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They put too much down upfront and now they're paying for it

bathroom AP
Posted at 5:00 AM, Feb 16, 2022
and last updated 2022-02-16 08:21:41-05

Home improvement projects can be expensive.

And once you choose the contractor, sign, and give a deposit, your fate is in their hands.

Kathi says a business called Bath Logic had all of the right words when she was looking for a new shower install.

"They had new composite materials that don't leak, blah, blah, blah," she says.

Kathi says the nearly $11,000 price was a good one.

And when they pushed for 50% down, she gave them $6,000.

"We normally put it on a credit card but this time I wrote a check. And that's the last we saw of anything or anyone," Kathi says.

Darlene's mother also hired Bath Logic for her shower project.

And she says her salesperson also wanted half of the total price before any work was done.

She wrote a check for $3,500 but says months later, she has nothing to show for it.

Pushing for cash and demanding half of the total before any work is done is a problem.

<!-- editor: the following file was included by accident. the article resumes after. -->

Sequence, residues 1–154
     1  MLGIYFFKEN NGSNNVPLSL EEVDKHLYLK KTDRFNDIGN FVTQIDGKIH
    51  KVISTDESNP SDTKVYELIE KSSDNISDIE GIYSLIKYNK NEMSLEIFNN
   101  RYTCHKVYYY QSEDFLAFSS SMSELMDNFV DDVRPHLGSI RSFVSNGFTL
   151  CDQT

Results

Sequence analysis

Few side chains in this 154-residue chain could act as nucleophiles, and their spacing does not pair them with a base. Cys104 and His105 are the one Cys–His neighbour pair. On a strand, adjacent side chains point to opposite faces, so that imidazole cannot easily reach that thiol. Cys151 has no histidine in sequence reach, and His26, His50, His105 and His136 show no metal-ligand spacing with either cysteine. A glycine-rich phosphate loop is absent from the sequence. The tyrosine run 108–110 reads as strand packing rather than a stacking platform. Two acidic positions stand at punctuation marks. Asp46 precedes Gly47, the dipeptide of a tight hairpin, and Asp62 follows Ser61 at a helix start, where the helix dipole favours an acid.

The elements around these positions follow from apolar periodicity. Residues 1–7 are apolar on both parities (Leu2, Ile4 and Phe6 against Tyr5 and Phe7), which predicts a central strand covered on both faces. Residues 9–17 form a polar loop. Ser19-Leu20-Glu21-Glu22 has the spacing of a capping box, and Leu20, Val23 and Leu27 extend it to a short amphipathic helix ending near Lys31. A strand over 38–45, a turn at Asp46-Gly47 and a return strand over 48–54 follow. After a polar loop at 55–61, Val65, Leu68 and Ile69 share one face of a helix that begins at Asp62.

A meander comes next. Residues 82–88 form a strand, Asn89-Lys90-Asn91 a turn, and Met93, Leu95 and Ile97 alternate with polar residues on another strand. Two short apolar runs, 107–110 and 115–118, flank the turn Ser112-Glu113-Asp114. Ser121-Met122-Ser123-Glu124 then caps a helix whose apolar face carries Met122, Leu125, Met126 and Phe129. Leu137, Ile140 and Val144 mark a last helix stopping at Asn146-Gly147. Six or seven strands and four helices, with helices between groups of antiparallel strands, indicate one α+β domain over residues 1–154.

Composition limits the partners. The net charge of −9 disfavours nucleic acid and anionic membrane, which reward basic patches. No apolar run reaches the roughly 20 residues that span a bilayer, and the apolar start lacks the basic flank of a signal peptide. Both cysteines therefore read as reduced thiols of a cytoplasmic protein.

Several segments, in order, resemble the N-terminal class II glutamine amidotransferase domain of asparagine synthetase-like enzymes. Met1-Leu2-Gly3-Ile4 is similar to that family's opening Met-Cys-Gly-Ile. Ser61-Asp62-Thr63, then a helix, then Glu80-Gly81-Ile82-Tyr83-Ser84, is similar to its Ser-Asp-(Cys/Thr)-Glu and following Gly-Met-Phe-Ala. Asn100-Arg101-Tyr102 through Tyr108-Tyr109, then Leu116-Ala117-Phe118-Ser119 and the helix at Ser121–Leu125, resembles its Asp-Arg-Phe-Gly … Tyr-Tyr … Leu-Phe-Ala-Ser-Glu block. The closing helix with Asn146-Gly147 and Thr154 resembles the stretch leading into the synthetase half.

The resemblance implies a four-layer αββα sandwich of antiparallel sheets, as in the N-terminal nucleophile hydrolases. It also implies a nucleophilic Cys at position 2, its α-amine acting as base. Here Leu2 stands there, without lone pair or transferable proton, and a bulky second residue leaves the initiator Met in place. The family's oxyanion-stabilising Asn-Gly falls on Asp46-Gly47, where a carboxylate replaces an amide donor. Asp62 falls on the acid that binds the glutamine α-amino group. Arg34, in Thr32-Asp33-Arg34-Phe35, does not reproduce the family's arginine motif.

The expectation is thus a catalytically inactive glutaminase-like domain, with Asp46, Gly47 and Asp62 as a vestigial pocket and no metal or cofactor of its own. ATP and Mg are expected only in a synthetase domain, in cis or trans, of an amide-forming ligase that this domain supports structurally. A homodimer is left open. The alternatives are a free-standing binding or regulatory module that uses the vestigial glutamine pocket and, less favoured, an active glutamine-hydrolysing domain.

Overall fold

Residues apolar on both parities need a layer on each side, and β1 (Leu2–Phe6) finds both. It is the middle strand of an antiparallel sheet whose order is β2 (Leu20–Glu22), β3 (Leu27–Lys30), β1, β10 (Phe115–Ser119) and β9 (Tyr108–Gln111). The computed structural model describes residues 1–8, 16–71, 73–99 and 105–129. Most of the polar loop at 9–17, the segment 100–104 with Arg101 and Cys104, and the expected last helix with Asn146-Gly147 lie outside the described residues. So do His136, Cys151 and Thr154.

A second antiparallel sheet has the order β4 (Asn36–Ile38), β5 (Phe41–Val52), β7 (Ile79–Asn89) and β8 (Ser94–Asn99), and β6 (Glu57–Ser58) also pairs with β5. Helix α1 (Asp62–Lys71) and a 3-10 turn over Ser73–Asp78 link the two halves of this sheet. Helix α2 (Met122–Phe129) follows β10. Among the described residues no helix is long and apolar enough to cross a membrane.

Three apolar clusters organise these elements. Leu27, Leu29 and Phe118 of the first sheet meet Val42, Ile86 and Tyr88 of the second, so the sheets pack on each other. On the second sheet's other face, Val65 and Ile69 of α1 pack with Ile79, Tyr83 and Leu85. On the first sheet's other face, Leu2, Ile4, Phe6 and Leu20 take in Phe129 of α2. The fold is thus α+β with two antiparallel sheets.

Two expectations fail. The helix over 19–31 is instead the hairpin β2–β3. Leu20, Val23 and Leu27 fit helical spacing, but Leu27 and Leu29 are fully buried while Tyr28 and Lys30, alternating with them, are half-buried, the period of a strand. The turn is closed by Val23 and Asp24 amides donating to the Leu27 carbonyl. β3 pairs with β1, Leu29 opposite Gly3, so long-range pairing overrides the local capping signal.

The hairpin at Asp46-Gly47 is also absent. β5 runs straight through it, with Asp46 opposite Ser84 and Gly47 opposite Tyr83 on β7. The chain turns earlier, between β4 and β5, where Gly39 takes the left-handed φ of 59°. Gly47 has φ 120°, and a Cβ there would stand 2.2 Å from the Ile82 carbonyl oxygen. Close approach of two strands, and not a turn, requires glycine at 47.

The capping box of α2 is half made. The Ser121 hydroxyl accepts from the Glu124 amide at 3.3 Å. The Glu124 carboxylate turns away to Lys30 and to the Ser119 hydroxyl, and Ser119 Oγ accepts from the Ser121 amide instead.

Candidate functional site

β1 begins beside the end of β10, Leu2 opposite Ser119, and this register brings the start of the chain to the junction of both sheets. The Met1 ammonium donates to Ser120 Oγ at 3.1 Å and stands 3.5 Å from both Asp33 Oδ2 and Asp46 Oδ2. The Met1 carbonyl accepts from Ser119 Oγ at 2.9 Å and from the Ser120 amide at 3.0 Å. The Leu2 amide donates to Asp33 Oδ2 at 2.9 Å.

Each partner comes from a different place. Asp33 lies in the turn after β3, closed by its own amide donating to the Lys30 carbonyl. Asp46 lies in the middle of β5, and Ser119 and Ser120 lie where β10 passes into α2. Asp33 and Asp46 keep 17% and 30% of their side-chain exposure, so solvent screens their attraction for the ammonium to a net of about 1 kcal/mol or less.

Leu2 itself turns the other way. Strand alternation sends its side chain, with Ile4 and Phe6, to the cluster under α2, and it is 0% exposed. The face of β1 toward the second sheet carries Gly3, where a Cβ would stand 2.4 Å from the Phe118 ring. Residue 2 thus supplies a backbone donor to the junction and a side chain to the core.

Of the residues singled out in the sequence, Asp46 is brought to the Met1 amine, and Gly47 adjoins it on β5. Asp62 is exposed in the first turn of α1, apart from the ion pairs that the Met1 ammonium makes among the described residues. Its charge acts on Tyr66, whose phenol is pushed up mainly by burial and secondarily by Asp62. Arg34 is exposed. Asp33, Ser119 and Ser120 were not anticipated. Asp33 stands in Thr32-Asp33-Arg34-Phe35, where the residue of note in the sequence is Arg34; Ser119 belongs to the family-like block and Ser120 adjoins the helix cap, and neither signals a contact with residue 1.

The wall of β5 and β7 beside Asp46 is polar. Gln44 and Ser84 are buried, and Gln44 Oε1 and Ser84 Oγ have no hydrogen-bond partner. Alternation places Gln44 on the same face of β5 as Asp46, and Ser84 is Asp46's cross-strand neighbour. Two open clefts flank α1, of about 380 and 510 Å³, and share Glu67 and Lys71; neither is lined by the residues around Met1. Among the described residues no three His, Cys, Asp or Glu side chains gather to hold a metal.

They are two big warning signs when you're choosing a contractor.

But there's even a bigger warning here that you wouldn't know unless you checked.

The state says Bath Logic was not licensed to do the work.

The Arizona Registrar of Contractors says it is an unlicensed business partially owned by Tammy Denise Robinson.

We've told you about Robinson's other business, RemodAZ.

Its contractor's license was revoked.

The ROC website shows they have 29 disciplined cases, and 22 still being investigated.

Many are similar complaints about paying for work they didn't get.

But homeowners did get a lot of excuses.

Kathi and Darlene say they were told COVID and supply-chain issues were to blame for delays.

They say they were constantly being led to believe the work would be done.

It may have kept some from filing complaints until it was too late.

"We took a ride over to their office or their building. Completely cleared out nothing there," Kathi says.

Both women want to warn others through their stories and they're trying to get money back through the ROC Recovery Fund.

It's money set aside for victims of licensed contractors.

Learn more about what to do before hiring a contractor.